The moment my wife Jun and I walked into the space inside Jue Lan Club that went by a cute name Sushi by Bae, we knew there was something quite unusual about the place. Unlike at other sushi counters we had been to, the room was darkly lit with the latest trendy pop music blaring from the speaker, almost like one of those overpriced Asian fusion restaurants in the Meatpacking District. The most unusual scene, however, was the Caucasian woman at the center preparing the omakase meal for her diners on the first time slot of the day at 6 p.m. I had heard of this young woman in her signature bandana, Oona Tempest, making a name for herself in several restaurant publications and blogs after she started learning the craft from the acclaimed sushi master Toshio Oguma at Tanoshi in Upper East Side (still one of the my favorite sushi counters in the city). In a world that is still much reserved only for middle-aged to old Japanese males, Oona’s rise to fame was certainly intriguing. After our dinner at Sushi by Bae, however, I realized that Oona more than backs up her hype with a seriously good omakase meal.
In the midst of super expensive luxury sushi restaurants that have entered the dining scene in the city in recent years, the 15-course omakase option at $100 per person offered by Sushi by Bae looks like a great bargain, especially where you have Oona who was trained in the classical edomae tradition but is not afraid to add a few touches on her own. Her attention to details and freshness of ingredients showed in several standout pieces, starting with the shima aji (Japanese striped jack) that was one of the better ones I’ve had in recent years, or the golden eye snapper that Jun was raving about, with more or less flawless texture that was enhanced with a touch of licorice sea salt that didn’t overpower the fish, or the miso marinated Japanese butterfish that was blow torched to just about the perfect temperature.
Our meal was the first time that Jun and I had encountered this rare species called cherry trout from Hokkaido, and we wish more and more sushi restaurants bring this fish that looks somewhat like a salmon yet has a depth of texture that made us love this piece. Japanese mackerel is one of those fish that is often very difficult to pull off very well because of its fickle flavor; the addition of pickled white kelp on top, however, made a ton of difference in balancing that flavor with a hint of refreshing sensation that made Jun and I appreciate that Oona really knows her fish.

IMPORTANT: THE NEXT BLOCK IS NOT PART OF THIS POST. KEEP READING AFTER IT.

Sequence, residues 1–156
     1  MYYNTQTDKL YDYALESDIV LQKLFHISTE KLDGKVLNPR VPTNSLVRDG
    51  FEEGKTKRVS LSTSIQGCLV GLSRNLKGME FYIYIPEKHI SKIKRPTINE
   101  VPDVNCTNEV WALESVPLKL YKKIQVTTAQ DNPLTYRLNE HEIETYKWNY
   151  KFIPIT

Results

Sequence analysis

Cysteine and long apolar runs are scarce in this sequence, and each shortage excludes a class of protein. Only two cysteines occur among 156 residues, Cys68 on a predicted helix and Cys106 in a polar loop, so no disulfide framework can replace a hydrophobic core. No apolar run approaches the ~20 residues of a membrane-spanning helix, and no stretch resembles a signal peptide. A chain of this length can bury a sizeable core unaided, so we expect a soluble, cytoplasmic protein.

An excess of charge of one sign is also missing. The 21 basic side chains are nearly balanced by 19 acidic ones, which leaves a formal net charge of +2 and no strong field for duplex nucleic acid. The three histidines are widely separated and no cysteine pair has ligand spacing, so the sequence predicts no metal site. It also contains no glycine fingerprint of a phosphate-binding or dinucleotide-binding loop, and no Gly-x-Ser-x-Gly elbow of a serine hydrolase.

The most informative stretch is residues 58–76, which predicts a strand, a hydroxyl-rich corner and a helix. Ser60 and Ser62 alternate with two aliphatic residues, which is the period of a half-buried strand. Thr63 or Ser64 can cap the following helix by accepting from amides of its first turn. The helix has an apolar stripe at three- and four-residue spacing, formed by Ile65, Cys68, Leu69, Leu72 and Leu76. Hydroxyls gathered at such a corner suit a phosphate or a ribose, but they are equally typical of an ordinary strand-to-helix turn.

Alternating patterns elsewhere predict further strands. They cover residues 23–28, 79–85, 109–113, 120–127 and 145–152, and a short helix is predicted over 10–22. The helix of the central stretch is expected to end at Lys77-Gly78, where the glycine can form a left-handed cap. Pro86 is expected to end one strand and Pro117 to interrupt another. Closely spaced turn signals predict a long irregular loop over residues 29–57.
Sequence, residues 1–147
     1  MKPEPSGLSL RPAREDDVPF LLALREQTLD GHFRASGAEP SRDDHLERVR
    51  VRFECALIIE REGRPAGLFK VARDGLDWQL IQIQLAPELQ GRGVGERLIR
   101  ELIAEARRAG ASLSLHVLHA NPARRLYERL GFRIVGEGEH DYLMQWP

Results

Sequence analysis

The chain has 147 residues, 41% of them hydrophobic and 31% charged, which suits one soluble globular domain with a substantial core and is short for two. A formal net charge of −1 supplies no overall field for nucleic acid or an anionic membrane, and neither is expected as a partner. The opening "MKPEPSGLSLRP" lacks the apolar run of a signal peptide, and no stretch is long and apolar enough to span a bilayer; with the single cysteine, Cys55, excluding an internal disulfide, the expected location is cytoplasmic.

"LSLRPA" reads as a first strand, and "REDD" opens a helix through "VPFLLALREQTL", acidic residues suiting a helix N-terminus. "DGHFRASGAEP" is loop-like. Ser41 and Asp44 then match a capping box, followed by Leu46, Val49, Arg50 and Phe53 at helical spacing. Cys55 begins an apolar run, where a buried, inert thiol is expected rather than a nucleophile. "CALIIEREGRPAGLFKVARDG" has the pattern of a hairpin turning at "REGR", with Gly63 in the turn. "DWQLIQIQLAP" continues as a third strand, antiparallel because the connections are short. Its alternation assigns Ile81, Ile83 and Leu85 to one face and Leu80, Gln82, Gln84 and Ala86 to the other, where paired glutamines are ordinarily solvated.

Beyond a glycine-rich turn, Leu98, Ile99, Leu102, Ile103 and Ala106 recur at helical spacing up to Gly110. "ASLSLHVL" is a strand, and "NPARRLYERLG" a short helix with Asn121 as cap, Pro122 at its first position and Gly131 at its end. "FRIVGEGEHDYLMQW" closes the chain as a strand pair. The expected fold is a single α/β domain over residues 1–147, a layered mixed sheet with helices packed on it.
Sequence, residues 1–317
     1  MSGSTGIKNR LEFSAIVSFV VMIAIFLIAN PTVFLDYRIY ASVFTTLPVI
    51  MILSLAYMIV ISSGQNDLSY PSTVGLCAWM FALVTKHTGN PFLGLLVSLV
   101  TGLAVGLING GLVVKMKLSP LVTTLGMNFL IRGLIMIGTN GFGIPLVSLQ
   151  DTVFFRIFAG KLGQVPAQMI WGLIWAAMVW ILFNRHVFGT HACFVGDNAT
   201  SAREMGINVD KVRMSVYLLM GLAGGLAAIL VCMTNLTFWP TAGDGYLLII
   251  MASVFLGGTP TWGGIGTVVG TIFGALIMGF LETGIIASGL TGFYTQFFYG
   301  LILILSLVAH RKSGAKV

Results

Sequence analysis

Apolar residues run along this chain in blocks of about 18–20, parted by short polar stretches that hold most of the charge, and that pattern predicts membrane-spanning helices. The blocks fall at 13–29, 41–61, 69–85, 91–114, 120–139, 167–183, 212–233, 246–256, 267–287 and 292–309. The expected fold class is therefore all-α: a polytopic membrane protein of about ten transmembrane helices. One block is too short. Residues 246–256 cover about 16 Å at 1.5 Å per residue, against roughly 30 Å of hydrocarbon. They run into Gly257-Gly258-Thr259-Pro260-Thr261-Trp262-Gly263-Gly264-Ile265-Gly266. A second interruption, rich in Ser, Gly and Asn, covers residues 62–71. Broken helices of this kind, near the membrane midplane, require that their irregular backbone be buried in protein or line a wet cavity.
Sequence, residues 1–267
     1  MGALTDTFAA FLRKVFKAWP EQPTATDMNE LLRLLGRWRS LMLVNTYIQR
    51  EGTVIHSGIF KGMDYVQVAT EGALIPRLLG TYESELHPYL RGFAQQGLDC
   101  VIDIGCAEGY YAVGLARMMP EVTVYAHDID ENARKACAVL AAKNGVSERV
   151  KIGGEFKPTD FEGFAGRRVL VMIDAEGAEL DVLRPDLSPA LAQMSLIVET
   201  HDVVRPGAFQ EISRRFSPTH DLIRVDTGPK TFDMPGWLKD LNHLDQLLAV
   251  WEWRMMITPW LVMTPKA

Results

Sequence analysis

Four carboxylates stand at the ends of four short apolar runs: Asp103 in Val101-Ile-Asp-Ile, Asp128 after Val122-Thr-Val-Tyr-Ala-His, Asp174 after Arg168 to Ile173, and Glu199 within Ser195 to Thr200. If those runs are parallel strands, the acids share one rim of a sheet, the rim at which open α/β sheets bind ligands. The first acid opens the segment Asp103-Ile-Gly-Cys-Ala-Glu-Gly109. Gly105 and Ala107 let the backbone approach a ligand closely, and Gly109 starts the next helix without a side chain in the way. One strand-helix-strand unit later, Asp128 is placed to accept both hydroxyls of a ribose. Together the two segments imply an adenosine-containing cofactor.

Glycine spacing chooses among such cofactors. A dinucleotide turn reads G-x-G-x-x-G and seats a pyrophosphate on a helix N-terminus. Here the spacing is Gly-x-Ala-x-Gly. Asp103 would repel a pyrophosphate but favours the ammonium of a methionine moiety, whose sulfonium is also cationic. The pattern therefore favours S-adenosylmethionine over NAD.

Other dishes were all more or less delicious at varying levels; I wished the chutoro (medium fatty tuna belly) came out with a tad less salt but the texture of the fish was otherwise quite pleasant, as was the otoro (fatty tuna belly) that I asked to add as an extra piece after our regular course. Hokkaido uni could’ve had a bit more layers in its texture, but it was still a very fresh one. The bottom line, though, is that there was no one bad piece, and when you have a simple bowl of quail egg and salmon roe that turns out to be an excellent standout dish thanks to peeled yuzu, you realize that Oona didn’t just become one of those young guns in the New York dining industry just because of her status as a “minority” in the sushi chef world.
The restaurant serves omakase meals on three separate time slots (75 minutes apart) starting at 6 p.m. The counter was fully packed during our meal, so I do suggest booking as much as possible in advance (you have to text a number for a reservation). Throughout our meal, Oona was very pleasant to speak to and answered any questions we had about the individual pieces she served. There is a concise list of cocktail and sake options that you can add to complement your meal. As noted above, the atmosphere at Sushi by Bae can get a little bit chaotic if you’re looking for a quiet sushi dinner in a pristine environment, but it didn’t bother us too much. I don’t know where Oona will end up in her next journey (my guess was that her residence at Jue Lan Club was only temporary), but I look forward to seeing how her already blossoming career evolves. I’m certainly glad that she chose sushi instead of sticking with her art education in making her career choice.
KenScale: 8.5/10 (Jun’s Score: 8.5/10)
- Creativity: 8.5/10
- Execution: 8.5/10
- Ingredients: 9.0/10
- Flavor: 8.0/10
- Texture: 9.0/10
- Value: 8.5/10
Address: 49 West 20th Street, New York, NY 10011
Telephone: (347) 495-4221